Like most artists working with digital media I use several software applications. Sometimes I may use as many as six or seven programs to produce a single finished image; especially if it involves 3D modeling – whatever works to get the job done. One program I have used for quite a few years now is Project Dogwaffle. I began with the freeware version and was very impressed; it was also a lot of fun. There have been many updates over the years and I upgrade every so often. A few days ago I upgraded to the latest version, known as Howler. No single application does everything, but Howler is a very sophisticated, though generally easy to use program. In addition to the standard painting functions that you would expect you can also make animations. Special settings for “painting” foliage are also included and some time ago the ability to generate 3D terrains was incorporated.
I have been tinkering with my new toy and thought I you might interested in the results. There will be more examples and explanations of how I use Dogwaffle in conjunction with other software posted here in the coming weeks. I am always experimenting and trying to push the envelope of what can be done. My friend Philip Staiger who helped develop various versions of Dogwaffle will also probably be posting some of it and additional material at his website, thebest3d.com. He has also made some very good video tutorials. My thanks to him for his recent assistance.
As I said 3D terrain modeling has been a feature for some time and, like the other capabilities, it gets better with every new version. The ability to work both 2D and 3D in the same software makes some things much quicker and easier.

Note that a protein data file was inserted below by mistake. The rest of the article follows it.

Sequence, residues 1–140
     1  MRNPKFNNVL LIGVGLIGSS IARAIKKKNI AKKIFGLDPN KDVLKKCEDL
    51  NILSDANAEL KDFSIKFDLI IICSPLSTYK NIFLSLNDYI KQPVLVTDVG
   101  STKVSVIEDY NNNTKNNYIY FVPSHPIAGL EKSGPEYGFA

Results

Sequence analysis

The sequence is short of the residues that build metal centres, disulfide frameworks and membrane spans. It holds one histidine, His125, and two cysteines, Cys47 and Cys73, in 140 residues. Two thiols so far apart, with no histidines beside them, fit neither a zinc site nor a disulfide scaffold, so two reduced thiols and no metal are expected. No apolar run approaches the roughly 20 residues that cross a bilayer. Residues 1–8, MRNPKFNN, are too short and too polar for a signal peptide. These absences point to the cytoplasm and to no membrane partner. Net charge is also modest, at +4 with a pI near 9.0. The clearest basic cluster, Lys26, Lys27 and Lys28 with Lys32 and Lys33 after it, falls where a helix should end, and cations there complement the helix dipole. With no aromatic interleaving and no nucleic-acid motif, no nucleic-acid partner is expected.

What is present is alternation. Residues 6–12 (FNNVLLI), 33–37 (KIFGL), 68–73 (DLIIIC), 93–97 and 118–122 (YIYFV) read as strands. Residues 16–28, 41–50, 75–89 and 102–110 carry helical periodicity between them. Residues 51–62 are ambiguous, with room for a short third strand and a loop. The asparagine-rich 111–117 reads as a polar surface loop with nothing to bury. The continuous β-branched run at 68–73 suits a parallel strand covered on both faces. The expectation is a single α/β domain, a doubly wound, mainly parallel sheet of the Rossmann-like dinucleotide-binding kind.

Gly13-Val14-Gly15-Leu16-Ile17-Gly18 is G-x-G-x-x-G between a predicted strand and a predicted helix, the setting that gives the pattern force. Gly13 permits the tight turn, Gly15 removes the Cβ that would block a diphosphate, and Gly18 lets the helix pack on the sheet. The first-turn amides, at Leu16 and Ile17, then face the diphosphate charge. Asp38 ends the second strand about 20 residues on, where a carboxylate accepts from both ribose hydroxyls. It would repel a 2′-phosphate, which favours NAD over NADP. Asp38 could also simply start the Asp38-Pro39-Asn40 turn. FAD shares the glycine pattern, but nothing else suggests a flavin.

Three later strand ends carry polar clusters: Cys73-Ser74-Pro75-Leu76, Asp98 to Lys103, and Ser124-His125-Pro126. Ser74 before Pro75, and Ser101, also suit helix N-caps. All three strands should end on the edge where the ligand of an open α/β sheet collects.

Here is the first image I worked up in Howler. I probably should not have put my copyright mark on it as I, more or less, slavishly followed the steps outlined in a video tutorial by Dan Ritchie who developed Dogwaffle. I really like how Howler handles fog.
To generate a 3D terrain you need a black and white image where the lighter the shade the higher the elevation; I call this a bump map. Here is a bump map for mountainous terrain. A simple, black and white, overhead image – think topographic map where the lightest shades are the mountain tops and the dark shades are lowlands. These are very easy to make by rendering plasma clouds.
Here is a screenshot of the same bump map inside Howler’s 3D designer filter. Notice the terrain is a light neutral color. On the right you can see a panel with some of the many settings you can adjust.
The next step is to apply an image map, a texture, to the terrain. This is a simple image map made by again rendering plasma clouds, adjusting the color and adding a rock pattern to make it more interesting and realistic. As with rendering plasma clouds this is quick and easy to do. For the sake of brevity I left out a couple of steps required to add the snow.
The same image map applied to the terrain bump map in 3D designer.
By adjusting a multitude of settings – elevation amplitude, illumination, point of view, etc., etc., etc., anyone can make a nice scenic view.
Here is another doodle I made. Except for the Northern Lights, which I made with other software, everything in this image was done with the Howler version of Dogwaffle on the same manner as outlined above. You can also make some very nice Northern Lights in Dogwaffle.
One other thing you might find to be interesting.
Here’s a fractal image I made some time ago.
After running it though the same process as above – I was curious what would happen – this is the resulting image with the illumination set to make the relief more visible.
I definitely recommend Dogwaffle to anyone, from beginners in digital arts, to professionals with many years of experience.